Linda Plato '90: Learning to grow
By Ivey Slowoski
One of the reading assignments that struck a nerve with Linda Plato ’90 when she put herself through college at Puget Sound was the book Do What You Love, The Money Will Follow by Marsha Sinetar.
“It seemed like a fool’s errand at the time, because I was starving and facing a mountain of student loans,” Plato remembers with a wry smile, “but it turned out to be right.” After graduating with a degree in English and a penchant for English poet “Bill” Wordsworth, Plato was unsure what to do next. She ended up working at Microsoft as an editor and multimedia program manager, a job with good pay and great benefits, but found herself working hard for a product that didn’t matter to her. She found consensus-building dull. She just wasn’t the corporate type, she realized, and started thinking about how she really wanted to spend her time.
When Linda’s mother died at only 64, she began to think about the importance of spending life doing something you care about. She quit her job, taking time to travel (one of her passions) and search for a direction. One day it came to her. At a time when many of her friends were in grad school, she enrolled at Edmonds Community College (ECC) for an associate’s degree in landscape design. She had found her perfect work.
“There’s no prestige and not a lot of monetary reward, but it’s an awesome gig,” Plato says.
She soon developed a career writing and teaching others how to apply English and French garden principles to their own yards. In 1999 she launched a garden design business, specializing in European-style gardens. She approaches her work with a literary sensibility, explaining that gardening, like literature, is a reflection of culture, fashion, history, and politics. “What I do is a great amalgam of liberal arts applied to horticulture.”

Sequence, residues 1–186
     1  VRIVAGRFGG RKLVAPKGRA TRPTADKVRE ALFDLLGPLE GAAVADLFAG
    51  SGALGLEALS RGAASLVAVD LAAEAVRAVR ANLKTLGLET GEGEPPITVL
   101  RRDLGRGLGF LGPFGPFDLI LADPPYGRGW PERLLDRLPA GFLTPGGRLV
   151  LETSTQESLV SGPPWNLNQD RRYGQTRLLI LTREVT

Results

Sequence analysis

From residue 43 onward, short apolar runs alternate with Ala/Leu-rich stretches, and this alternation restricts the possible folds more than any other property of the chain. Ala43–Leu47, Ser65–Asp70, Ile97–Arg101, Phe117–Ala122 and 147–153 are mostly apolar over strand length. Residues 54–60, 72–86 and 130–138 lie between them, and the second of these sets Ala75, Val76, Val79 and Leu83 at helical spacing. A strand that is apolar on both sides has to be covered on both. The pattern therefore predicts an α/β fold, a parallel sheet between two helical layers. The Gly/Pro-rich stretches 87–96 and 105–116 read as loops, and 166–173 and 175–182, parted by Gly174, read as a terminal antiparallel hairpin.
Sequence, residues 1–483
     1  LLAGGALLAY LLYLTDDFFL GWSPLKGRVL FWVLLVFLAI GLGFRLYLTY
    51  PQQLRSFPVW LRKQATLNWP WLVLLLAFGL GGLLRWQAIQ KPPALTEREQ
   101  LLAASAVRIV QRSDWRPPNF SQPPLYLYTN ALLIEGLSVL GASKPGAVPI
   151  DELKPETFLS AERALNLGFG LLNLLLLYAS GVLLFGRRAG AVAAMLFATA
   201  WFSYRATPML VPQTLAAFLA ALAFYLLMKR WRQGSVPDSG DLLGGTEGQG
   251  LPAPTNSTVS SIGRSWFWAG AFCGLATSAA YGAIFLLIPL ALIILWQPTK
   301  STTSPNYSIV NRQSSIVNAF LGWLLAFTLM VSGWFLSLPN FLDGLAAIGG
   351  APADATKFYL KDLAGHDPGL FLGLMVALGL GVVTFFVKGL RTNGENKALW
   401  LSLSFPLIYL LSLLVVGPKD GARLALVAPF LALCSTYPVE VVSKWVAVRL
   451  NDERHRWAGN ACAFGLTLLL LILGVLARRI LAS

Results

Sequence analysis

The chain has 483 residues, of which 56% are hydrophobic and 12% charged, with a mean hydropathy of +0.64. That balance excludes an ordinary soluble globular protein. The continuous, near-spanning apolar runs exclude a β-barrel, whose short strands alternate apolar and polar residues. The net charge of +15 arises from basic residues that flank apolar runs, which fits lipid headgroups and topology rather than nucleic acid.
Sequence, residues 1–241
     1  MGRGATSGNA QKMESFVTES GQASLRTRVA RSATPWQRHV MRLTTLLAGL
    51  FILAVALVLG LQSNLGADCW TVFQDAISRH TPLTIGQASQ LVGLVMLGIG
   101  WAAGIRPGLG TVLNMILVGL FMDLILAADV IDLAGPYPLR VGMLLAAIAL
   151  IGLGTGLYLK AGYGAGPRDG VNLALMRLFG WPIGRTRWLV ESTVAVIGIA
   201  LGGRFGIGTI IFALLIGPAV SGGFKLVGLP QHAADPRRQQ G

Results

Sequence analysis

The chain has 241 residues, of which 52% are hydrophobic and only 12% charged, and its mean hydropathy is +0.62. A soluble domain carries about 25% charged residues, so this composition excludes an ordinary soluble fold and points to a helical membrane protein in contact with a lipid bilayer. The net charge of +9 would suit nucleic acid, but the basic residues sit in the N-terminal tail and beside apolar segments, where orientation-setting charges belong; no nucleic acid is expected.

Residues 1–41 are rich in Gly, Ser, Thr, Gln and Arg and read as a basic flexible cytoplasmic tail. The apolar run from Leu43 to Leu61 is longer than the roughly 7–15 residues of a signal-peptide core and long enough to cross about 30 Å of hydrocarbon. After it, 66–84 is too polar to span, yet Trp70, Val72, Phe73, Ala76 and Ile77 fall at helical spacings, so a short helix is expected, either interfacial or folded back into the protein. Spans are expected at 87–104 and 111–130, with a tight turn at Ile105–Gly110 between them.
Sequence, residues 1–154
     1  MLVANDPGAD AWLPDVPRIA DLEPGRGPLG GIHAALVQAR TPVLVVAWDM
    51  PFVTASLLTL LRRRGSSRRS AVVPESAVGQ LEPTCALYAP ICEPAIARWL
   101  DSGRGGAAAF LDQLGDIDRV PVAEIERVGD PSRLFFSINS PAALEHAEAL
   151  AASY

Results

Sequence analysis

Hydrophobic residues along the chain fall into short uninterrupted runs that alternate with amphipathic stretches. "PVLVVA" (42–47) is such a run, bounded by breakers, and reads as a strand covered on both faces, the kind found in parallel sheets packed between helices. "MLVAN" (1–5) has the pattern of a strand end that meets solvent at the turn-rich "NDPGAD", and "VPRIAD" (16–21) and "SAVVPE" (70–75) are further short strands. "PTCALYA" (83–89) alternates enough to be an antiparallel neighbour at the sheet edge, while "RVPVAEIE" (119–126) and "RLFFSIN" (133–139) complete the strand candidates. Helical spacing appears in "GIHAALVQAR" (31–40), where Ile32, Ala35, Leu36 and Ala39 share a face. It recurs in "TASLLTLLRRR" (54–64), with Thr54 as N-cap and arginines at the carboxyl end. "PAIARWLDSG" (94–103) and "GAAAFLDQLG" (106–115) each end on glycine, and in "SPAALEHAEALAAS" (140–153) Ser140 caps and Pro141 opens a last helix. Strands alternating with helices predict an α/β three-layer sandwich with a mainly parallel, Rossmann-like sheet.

Plato shares her philosophy and know-how in classes at ECC, at garden shows, nurseries, for master gardeners, and for members of the Northwest Horticulture Society (NHS). She worked for the Elisabeth C. Miller Botanical Garden in Seattle as the first project manager for Great Plant Picks, a directory of plants recommended by local experts to grow well in our climate. She developed Web sites for the project (www.greatplantpicks.org), as well as for the Miller Garden (millergarden.org), and for NHS (www.northwesthort.org). The nonprofit world tends to be “non-techy,” Plato notes, and she enjoys being able to bring her technical skills to the volunteer work she does in the gardening community.
She’s also the garden editor for Seattle Homes & Lifestyles magazine. This year she makes her television debut on Gardening by the Yard, a program for backyard gardeners produced by HGTV. In the segment, Plato explains how to grow “standards,” a classic topiary form that features a pouf of foliage on a tall slender stem.
Viewers of the episode will notice that her hair is a lot shorter than usual. Last October she finished chemotherapy to combat breast cancer, and the show was taped just a month later, at her home in Kirkland. She had been diagnosed in January 2004, just before the Northwest Flower and Garden Show, for which she had spent months building and preparing a display garden. With typical humor, she had developed an entry that was a parody of the idealized tranquil and relaxing garden.
“That’s an illusive ideal created by marketers, and it’s wrong to perpetuate it,” she laughs. “All the gardeners I know can’t sit still in the garden.” Her display, a fortress garden where computers and cell phones were banned, featured a moat complete with a topiary moat monster. She was recovering from surgery when the time came to install the garden in the convention center, so her husband, Bruce, and other family and friends set it up.
Since then, Plato has temporarily ratcheted down her blooming career, taking time to get well. She still writes and lectures, but has postponed any design projects. An adventurous soul, she travels about once a month, visiting gardens and enjoying life. She was in the stands in Arizona for Mariners’ spring training and on the sidelines at the Tour de France this year, harkening back to her student days living in the Bike House, when she used to explore the Tacoma area and lower Kitsap Peninsula.
Taking to heart another lesson she learned at Puget Sound —that of humility—Plato says she learned in college that nature is a great teacher. She feels fortunate to have found so broad and comfy a niche. “Horticulture spans so many spectrums,” she says. “Very few careers fulfill you in so many ways.” She’s taking life as it comes now. “I’m not very responsible,” she claims, “and I enjoy that. I like seeing how it will turn out.”